Syria’s largest city rocked by blast hours after gov't thwarts different attack

 A handout picture released by the Syrian Arab News Agency (SANA) shows burning vehicles at the site of twin blasts in Damascus on May 10, 2012. (AFP Photo / Sana)
A major blast is reported to have ripped through Aleppo, Syria’s largest city. The bomb allegedly targeted the headquarters of Syria’s ruling Ba'ath Party.

According to local media, unidentified gunmen hurled a grenade at the headquarters of Syria’s ruling party, killing a security agent and damaging the building. Guards then opened fire at the assailants, though it was not clear whether anyone was killed in the exchange.

The British-based Syrian Observatory for Human Rights (SOHR), told AFP that “initial details indicate that the Aleppo blast was targeting the local branch of the ruling Ba'ath party and there is no information until now on the number of victims that fell in the explosion.”

However, one guard at the headquarters died, apparently in a round of gunfire following the explosion, reports Reuters citing SOHR. Activists in the city said they heard a very loud noise that appeared to come from an area in center of Aleppo.

"The sound was so loud and after that there were a lot of echoes of gun fire. Now all the roads leading to Saadallah al-Jabiry square are closed down," Reuters cites an activist who asked not to be named.

The blasts come hours after Syrian authorities killed a would-be suicide bomber, foiling a potentially major terror plot. The terrorist was shot before he had a chance to detonate 1,200 kilograms of explosives stashed in his minibus.

Also on Friday night, RT’s Sara Firth, on location in Damascus, has reported another possible explosion. The strength of the blast is not yet clear, and there has been no official confirmation. However, Firth said the RT crew could hear and feel something like a bomb going off from their hotel room. According to Firth, the feeling was akin to one they’d experienced “when the May 10 bombs exploded” near intelligence headquarters in the Syrian capital.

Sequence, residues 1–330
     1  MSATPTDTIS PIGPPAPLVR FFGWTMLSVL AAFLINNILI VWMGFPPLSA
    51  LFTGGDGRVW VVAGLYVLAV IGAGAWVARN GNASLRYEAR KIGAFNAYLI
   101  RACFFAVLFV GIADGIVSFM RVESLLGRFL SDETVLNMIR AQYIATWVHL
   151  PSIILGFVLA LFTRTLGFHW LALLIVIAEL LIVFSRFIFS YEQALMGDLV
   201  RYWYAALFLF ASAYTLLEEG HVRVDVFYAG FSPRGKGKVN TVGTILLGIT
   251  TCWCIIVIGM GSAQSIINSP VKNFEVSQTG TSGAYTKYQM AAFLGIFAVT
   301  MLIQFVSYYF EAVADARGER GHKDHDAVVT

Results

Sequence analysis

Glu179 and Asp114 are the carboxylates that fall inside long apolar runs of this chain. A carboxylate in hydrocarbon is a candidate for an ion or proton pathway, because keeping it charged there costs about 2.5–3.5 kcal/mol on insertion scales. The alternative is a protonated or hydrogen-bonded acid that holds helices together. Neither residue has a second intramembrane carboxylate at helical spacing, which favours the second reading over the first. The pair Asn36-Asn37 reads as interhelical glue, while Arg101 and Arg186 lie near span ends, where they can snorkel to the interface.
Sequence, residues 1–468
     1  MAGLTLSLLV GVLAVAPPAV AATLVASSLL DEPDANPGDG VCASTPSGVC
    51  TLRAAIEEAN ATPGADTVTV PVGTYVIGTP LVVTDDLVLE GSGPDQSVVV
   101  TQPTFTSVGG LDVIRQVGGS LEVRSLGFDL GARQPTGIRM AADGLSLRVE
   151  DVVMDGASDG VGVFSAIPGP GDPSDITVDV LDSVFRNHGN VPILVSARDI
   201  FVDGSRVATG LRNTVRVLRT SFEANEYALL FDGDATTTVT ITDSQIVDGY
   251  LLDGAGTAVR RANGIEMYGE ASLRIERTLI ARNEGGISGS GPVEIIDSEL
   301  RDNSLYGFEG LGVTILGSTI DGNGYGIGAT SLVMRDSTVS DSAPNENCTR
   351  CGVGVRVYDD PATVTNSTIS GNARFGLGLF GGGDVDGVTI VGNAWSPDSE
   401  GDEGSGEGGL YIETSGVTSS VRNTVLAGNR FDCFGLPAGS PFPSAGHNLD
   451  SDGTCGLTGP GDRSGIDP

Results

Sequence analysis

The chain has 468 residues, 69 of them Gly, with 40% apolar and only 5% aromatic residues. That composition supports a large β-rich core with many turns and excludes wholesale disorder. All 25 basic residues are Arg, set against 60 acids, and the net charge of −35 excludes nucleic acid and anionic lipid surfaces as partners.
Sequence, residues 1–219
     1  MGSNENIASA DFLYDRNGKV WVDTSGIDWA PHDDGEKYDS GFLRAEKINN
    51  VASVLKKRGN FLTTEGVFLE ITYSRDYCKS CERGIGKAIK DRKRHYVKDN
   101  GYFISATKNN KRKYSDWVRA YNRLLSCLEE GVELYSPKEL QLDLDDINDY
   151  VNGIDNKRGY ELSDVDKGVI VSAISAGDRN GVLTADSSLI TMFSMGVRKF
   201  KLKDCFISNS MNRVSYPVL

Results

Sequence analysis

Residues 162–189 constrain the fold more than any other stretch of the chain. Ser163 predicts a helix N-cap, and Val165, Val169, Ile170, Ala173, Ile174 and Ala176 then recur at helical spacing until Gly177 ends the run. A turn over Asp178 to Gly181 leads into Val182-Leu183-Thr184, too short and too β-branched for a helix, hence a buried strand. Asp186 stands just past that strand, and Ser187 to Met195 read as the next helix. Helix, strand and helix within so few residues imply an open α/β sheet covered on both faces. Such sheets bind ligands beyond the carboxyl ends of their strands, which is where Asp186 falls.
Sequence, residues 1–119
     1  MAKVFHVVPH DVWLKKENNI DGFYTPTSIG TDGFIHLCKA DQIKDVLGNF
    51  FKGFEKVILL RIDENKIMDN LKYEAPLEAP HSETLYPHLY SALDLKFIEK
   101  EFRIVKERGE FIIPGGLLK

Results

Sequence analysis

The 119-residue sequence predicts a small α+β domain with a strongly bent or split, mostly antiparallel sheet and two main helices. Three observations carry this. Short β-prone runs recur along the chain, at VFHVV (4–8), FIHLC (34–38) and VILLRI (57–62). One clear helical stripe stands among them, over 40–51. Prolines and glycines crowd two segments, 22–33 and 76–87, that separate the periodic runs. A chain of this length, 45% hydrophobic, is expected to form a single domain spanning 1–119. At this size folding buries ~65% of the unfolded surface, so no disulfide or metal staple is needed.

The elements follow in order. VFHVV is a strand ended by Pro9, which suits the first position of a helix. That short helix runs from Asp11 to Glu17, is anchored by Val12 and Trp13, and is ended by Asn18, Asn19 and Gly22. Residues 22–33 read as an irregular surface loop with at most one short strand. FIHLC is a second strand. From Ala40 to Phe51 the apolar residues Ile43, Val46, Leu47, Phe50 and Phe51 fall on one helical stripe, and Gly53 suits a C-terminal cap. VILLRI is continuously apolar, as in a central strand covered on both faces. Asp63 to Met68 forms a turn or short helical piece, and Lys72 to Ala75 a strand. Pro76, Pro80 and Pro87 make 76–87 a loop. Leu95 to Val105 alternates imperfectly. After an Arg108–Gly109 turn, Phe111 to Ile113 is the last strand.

Only two days ago, 55 people were killed and 372 more injured by two powerful blasts in Damascus, the worst attack since the uprising began more than a year ago.

Two car bombs went off in quick succession during the morning rush hour, just as employees were arriving to work. A small initial explosion was followed by a much larger blast, allegedly targeted at paramedics and security forces arriving at the scene.

The explosion left two craters – three and six meters wide – in front of a military compound. The two cars were stuffed with more than 1,000 kilograms of explosives, said Syrian Foreign Ministry spokesman Jihad Makdissi.

The blasts were branded a terrorist attack by state television and the authorities, but there has been no claim of responsibility yet.

SOHR – Who can you trust?

Earlier, Russia questioned the reliability of the Syrian Observatory for Human Rights. The activities of the controversial London-based group were denounced by Russia’s Foreign Ministry back on February 2012, with spokesman Aleksandr Lukashevich casting doubts on SOHR’s reliability.

"As far as we know, this organization employs only two people (its head and secretary-translator). It is headed by Rami Abdulrahman, who has no training either in journalism or law or even a complete secondary education," Lukashevich said.

The SOHR is one of the most widely-quoted sources of Syrian casualty figures and Lukashevich pointed out that many information agencies, primary Western ones, often refer to SOHR data in their reports on Syria.

Historian Pierre Picolin also says the Observatory is a source Western media choose to rely exclusively on when it comes to getting information about Syria.

“I say that there are two such 'observatories,' and they are both connected with the opposition. In reality these organizations are the opposition’s propaganda agencies, propaganda tools.” he said.

“It is part of the journalist’s job to think critically, verify sources and be extremely cautious. But they decide to just spread the information they receive from the Syrian Observatory for Human Rights, without asking any questions.”

In fact there are two sites each claiming to be an official observatory and providing different data. Both sites report slightly different figures, none of which can be independently confirmed, leaving media outlets wondering how reliable their sources are.